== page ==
Paracord Wrapping a Cane

Decided I wanted to add a paracord wrap to my cane.  After looking a a number of YouTube Videos, I settled on:   I found the Turk’s Head explaination a bit difficult, but found:   So, after a couple of hours of wrapping (minus the Diet Dr. Pepper spill), I achieved:

This has about 28 feet of paracord.  I started with 30 feet, and the entire wrap is one piece.  It took (est.) about 5 feet of cord for each of the Turk’s Heads, and the entire thing covers 10.25 inches on a 1 inch diameter cane.   I’m using the Titan Warrior Cord in Forest Camo.  ( or   I found the cord substantial, but easy to work with.

I wanted to add a wrist strap to free up my hand when I need it when carrying the cane, so back to YouTube, and I found two items to use.  The first was the Cross Knot Zipper pull: and a Sliding Knot Friendship bracelet:   After playing with these a while, I settled on 4 feet of gutted paracord.  I looped the cord through one of loops in the main body of the French Hitching.  A series of Cross Knots to make a strap, and finished the end with the friendship bracelet to let me tighten it up enough to keep the cane from falling over when I need both hands.


Ivy cap research

Did not like the steep arc on the pattern I found.  Tore apart one of my old hats, similar to the tan one in my prior posting on hats and compared the pattern to the hat proportions I liked.

The brim pieces are 2 different sizes.  The first two pictures are of one piece.  Quite different.  The third picture shows the other piece that almost matches the pattern.


The side piece is VERY different.

And the corresponding changes in the top piece.  The back part is longer, to match the sharper and longer curve of the prior piece.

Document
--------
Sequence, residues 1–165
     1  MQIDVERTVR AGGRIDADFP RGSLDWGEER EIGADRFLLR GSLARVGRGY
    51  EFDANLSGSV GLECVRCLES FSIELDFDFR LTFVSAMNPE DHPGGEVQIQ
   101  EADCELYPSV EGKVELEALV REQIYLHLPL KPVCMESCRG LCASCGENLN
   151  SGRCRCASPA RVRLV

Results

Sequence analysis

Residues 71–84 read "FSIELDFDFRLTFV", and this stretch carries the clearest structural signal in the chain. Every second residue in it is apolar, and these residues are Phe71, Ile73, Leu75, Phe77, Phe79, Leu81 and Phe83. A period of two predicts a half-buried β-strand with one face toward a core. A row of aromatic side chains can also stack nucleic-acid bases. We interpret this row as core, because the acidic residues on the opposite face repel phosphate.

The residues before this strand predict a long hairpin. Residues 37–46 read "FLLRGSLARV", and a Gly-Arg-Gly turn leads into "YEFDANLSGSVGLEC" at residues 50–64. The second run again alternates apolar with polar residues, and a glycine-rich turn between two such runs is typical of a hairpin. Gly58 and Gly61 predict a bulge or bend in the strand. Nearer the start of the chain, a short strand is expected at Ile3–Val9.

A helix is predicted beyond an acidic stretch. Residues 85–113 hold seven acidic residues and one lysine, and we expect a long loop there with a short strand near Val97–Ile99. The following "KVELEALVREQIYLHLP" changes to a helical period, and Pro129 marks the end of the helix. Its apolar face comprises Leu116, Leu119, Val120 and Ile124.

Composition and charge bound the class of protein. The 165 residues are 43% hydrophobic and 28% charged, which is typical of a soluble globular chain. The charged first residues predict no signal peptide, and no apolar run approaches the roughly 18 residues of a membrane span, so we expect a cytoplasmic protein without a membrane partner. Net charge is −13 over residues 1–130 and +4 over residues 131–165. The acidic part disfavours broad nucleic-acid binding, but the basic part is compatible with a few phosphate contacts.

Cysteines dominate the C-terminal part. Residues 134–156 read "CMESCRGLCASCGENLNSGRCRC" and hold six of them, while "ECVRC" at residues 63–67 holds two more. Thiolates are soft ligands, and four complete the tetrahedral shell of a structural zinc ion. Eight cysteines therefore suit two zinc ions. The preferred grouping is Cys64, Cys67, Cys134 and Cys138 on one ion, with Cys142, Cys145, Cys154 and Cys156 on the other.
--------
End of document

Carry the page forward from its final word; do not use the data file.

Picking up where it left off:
I’m planning on on creating a new pattern from the hat parts and build a second test hat.

I also found another free pattern at Urbandon.  The arc looks like it’s also pretty steep, but there is nice information on sizing, fabric and construction.

Ivy/Driver’s cap – 1st attempt

Finally found a pattern I liked for a Driving cap. (  Took some scrap cloth and threw one together.  I was not particularly precise, nor did I have fabric for a lining or a ribbon to finish the edge properly.  I’ll need to tweak it a bit, but here it is, compared to one of my standard day-to-day hats (tan, on right).  But even with it’s many flaws, I’m pleased for a practice attempt.


Charrie and I made place-mats, learning how to use a 3-hole foot and pigtail to add the yarn border.  The front is a cotton fabric, with the back a flannel to be nice to wood tables.  The original materials list called for a fleece or a felt, but I could not find any that went with the fabric chosen.  No, they are not made for Christmas, just happened to be two different colors of common fabric that we liked.  Our instructor, Karrie, was gracious to embroider the Celtic cat’s paw for us.  Charrie did the red, I did the green.



We were working on our place-mats, in class tonight, but we only had one pigtail to run the yarn through for the border.  Since I had some time, I decided to try making a coaster that I originally saw at my Mom’s house.  Hers are circular or square, but you can make any number of shapes.  Regular shapes are probably the best.  The only site I can find with instructions are at: